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Redox Rep. 2007;12(1):4-10.

Role of 4-hydroxynonenal and its metabolites in signaling.

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Department of Biochemistry and Molecular Biology, University of Texas Medical Branch, Galveston, Texas 77555-0647, USA.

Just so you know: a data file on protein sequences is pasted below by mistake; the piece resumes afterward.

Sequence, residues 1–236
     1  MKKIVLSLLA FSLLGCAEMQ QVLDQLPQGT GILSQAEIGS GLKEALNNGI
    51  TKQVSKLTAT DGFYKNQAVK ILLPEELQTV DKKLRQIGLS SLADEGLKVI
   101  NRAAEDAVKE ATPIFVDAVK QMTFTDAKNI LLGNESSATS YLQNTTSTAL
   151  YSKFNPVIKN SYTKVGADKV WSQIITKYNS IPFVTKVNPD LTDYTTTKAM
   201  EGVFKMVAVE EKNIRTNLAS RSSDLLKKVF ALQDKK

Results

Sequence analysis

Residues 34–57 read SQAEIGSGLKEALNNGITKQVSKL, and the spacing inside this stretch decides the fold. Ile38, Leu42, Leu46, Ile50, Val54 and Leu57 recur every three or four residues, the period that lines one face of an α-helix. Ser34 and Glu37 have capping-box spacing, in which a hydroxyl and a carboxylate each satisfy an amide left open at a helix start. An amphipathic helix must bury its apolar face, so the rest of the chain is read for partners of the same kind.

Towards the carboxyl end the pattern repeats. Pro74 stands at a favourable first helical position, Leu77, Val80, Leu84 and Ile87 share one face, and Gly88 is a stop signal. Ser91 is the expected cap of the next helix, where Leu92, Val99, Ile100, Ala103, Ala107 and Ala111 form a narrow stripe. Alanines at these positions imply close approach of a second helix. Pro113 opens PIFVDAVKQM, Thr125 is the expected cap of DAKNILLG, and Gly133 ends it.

Available evidence from a multitude of studies on the effects of 4-hydroxynonenal (HNE) on cellular processes seem to converge on some common themes: (i) concentration-dependent opposing effects of HNE on key signaling components (e.g. protein kinase C, adenylate cyclase) predict that certain constitutive levels of HNE may be needed for normal cell functions - lowering of this constitutive HNE level in cells promotes proliferative machinery while an increase in this level promotes apoptotic signaling; (ii) HNE is a common denominator in stress-induced apoptosis caused by H(2)O(2), superoxide, UV, heat or oxidant chemicals such as doxorubicin; and (iii) HNE can modulate ligand-independent signaling by membrane receptors such as EGFR or Fas (CD95) and may act as a sensor of external stimuli for eliciting stress-response. Against a backdrop of various reported effects of HNE, in vitro and in vivo, we have critically evaluated the above mentioned hypotheses suggesting a key role of HNE in signaling.

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